Mr S. Sahay, the Resident Editor of the Delhi edition of the Statesman told me about the pressures on the media. Mr Sahay recalled: “It happened this way. The censoring authorities in Delhi were maintaining the fiction that the censorship was not being rigorously imposed: what was happening was that editors were doing self-censorship. However, in fact the Press Information Bureau (PIB), was telephoning the newspaper offices and telling them what not to publish. The day the Supreme Court’s order (or judgment) in the election case was delivered, Dr Baji, the Press Information Officer (PIO), rang the editor up and suggested that, as a news item, the court verdict should be underplayed and that there should be no critical editorial on the subject. I told him that this was simply not on. The report from the legal correspondent was prominently displayed on page one; it was the main story and the editorial. Retribution was swift. The editor was asked to submit our pages to the censoring authorities. They would make cuts and delay the pages long enough to frustrate the publication of the paper the next morning.”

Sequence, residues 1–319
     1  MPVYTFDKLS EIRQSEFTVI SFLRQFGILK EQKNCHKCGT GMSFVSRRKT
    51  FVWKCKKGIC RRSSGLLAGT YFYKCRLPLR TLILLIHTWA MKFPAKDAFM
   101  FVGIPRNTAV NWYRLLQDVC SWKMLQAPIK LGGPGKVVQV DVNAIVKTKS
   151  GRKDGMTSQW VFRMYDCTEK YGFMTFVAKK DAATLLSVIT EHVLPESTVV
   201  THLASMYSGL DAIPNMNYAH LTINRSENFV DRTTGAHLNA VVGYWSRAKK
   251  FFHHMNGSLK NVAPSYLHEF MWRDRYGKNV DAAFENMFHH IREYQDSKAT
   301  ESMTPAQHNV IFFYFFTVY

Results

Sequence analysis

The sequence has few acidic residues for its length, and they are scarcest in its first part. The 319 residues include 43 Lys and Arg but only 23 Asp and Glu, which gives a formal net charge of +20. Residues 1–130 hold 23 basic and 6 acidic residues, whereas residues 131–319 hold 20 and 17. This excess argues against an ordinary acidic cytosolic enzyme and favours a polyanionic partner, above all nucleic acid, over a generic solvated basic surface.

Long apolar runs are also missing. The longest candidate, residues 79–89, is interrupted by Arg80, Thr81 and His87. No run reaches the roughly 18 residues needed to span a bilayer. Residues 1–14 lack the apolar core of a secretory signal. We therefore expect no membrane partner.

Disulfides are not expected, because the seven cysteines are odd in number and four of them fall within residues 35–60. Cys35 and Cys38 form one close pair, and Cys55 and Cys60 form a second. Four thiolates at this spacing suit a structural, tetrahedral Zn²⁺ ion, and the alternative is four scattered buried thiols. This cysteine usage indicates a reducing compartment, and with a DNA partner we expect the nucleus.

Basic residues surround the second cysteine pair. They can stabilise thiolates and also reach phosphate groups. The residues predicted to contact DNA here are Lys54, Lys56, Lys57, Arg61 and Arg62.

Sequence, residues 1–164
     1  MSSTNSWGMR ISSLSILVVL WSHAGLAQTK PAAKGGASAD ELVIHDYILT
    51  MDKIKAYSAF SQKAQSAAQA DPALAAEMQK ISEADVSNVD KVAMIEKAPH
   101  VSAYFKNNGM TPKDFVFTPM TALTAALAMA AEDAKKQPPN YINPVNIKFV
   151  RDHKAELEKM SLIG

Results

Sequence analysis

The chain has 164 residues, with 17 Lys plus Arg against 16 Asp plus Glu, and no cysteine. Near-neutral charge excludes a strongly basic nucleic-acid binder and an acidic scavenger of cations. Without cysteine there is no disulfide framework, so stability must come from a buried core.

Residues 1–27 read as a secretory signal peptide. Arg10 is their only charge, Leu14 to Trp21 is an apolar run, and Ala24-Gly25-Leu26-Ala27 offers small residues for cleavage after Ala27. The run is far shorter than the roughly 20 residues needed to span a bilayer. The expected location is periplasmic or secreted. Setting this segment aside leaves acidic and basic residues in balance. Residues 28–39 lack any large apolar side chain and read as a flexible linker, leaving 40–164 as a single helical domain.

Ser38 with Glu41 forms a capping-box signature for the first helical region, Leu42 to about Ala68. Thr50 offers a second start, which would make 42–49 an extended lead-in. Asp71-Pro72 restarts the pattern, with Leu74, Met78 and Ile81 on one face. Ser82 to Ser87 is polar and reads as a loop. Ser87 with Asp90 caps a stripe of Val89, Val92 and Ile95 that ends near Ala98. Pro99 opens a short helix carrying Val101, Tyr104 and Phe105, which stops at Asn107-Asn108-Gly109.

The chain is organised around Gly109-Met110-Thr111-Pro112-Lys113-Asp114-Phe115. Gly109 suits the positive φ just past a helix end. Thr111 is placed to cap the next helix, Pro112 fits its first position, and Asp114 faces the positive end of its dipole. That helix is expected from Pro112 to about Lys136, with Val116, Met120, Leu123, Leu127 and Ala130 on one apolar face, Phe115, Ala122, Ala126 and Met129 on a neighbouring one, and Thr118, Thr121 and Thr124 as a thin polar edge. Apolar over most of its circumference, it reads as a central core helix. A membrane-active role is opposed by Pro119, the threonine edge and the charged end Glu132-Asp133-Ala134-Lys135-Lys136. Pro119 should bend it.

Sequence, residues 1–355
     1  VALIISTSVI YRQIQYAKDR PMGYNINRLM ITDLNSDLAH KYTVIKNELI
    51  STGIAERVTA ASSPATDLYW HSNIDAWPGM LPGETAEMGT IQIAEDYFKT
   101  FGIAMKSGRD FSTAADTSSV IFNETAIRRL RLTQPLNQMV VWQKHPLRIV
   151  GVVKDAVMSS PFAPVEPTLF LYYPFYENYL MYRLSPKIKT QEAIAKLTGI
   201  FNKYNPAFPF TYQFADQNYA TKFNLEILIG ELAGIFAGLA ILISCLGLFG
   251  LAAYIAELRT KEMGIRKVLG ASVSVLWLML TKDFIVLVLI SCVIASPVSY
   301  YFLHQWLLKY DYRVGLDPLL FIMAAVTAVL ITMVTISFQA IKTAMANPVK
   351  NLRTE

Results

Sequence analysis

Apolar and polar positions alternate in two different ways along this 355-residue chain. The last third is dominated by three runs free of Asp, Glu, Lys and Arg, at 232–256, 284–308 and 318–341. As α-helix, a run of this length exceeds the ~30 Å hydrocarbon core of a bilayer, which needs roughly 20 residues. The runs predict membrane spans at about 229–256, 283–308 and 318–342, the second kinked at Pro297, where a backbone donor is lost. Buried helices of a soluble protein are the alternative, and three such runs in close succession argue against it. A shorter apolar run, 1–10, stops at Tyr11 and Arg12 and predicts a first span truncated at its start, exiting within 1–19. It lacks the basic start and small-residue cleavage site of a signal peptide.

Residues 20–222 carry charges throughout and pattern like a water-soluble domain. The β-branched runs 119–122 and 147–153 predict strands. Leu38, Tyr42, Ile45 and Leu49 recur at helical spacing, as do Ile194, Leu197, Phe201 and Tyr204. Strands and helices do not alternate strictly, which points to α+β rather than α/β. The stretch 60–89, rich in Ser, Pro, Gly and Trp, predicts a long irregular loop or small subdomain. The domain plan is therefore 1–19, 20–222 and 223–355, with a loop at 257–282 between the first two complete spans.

It was as a protest against what had happened during the Emergency that those believing the freedom of the press got together and formed the Editors’ Guild of India.
The Emergency regime decided to merge all the four new agencies into one and call it Samachar. PTI was badgered into acceptance of the plan and the rest followed. Having wrested control of the news agencies, and making Kasturi of The Hindu the chairman of Samachar, the Emergency Government decided to favour this news agency alone for doling out news. Newspapers were just ignored.
As if this were not enough, V.C. Shukla started the weekly Rozgar, which compiled advertisement of jobs by the government and the public sector undertakings. The idea was to weaken the national papers financially. Not satisfied with the virtual takeover of the news agencies, the government struck a blow at the Indian Express. The proprietor, Ramnath Goenka, was neutralized, the editor, S. Mulgaonkar, removed.